– Nigel J
    Commented Nov 6, 2023 at 9:50
  • 2
    Yes, too much of this answer is presented as personal opinion. It would be much better received if it included specific citations to denominations that hold the same view. ¶ This doesn't mean what you say is necessarily wrong, only that it is inappropriate for this site. Readers need to see something like "The [name of denomination] believes that … [link to their doctrinal statement web page]". Commented Nov 6, 2023 at 14:21
  • Dear Ray, Can you be more specific, and point to something that you believe is "personal opinion" so I can have a better idea as to what you are talking about. Thanks. JB
    – James Ball
    Commented Nov 7, 2023 at 17:01
  • Dear Nigel. Thank you for your comment. FYI. All information in my answer is based on, and in agreement with the teachings of the Catholic Church. In regard to my statement: "we will remember everything we have ever experienced during this life (including our sins) with startling vividness.", it is based on paragraph 2516 of the CCC (Catechism of the Catholic Church).
    – James Ball
    Commented Nov 7, 2023 at 17:48
  • The following website gives more details. thegospelcoalition.org/themelios/article/… More of your thoughts here would be appreciated. JB
    – James Ball
    Commented Nov 7, 2023 at 18:16

To be quick. I think you answered your own question with 1 Thessalonians‬ ‭4:16.

But wait, there's more:

The short answer is no! The Bible is clear that nobody goes to heaven when they die.

John 3:13 NKJV

No one has ascended to heaven but He who came down from heaven, that is, the Son of Man who is in heaven.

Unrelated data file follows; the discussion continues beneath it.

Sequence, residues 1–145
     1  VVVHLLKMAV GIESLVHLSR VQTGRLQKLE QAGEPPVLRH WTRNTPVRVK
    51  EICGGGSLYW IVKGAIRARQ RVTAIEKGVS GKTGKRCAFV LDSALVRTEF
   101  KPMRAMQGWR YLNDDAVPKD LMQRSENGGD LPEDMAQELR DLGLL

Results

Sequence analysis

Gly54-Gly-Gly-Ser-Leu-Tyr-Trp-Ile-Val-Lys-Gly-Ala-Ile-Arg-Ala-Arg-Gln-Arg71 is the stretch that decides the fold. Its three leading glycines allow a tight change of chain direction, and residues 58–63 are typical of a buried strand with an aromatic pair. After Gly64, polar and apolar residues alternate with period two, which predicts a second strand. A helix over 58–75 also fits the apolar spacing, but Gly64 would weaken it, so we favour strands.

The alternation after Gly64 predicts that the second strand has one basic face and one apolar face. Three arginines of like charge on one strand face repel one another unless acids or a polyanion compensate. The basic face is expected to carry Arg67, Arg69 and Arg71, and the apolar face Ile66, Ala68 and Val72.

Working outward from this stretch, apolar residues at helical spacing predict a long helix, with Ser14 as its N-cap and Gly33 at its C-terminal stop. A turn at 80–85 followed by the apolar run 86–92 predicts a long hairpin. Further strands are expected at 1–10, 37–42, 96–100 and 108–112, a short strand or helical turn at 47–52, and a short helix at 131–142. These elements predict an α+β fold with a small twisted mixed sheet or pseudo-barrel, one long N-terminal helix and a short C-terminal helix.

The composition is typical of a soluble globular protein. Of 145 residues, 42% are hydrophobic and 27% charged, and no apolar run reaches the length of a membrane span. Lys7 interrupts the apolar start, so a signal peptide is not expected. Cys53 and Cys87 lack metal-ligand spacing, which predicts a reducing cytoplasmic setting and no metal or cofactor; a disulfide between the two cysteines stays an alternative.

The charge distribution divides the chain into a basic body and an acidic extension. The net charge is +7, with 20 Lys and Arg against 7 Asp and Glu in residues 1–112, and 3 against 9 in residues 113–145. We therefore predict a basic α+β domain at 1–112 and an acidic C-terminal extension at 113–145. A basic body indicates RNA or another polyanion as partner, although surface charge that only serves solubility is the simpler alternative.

So basically, we get to wait until Jesus comes down and pulls us up. That might be next week or next year or a million years from now.

Time has no meaning for a dead person. It is like a dreamless sleep. If you have ever been sedated for surgery, you do down then you are awake three hours later (sort of) and it is a dreamless sleep where you wake up with no recollection of the time passing. I found it very relaxing personally. But, the dead have no clue.

Ecclesiastes 9:5 NKJV

For the living know that they will die; But the dead know nothing, and they have no more reward, For the memory of them is forgotten.

One last note: This part might add some confusion on deeds versus faith. Just know that in this the deeds mentioned are the faith in Jesus. If you deny Christ then you have done evil in this context.

John 5:28-29 NKJV

28 Do not marvel at this; for the hour is coming in which all who are in the graves will hear His voice 29 and come forth--those who have done good, to the resurrection of life, and those who have done evil, to the resurrection of condemnation.

Source: Quick Q&A: Do we go immediately to Heaven when we die?

  • 2
    The answer should indicate which denominations believe this. It certainly isn't the view of all Christians. Commented Nov 22, 2023 at 20:46
  • It's best not to be quick when answering deep doctrinal Qs e.g. blithely claiming that Jn.3:13 clearly says "that nobody goes to heaven when they die". It doesn't. Jesus, the Son of Man, was the first to go to heaven, opening it up for believers thereafter. Also, why didn't you quote Eccl.12:7 about the spirit returning to God when the body dies? That is the conclusion of the matter. But don't launch into a defense in the comments section. My comment is in line with requirements, to suggest how to improve an answer. You could improve your answer by showing biblical balance.
    – Anne
    Commented Nov 24, 2023 at 16:38

You must log in to answer this question.

Not the answer you're looking for? Browse other questions tagged .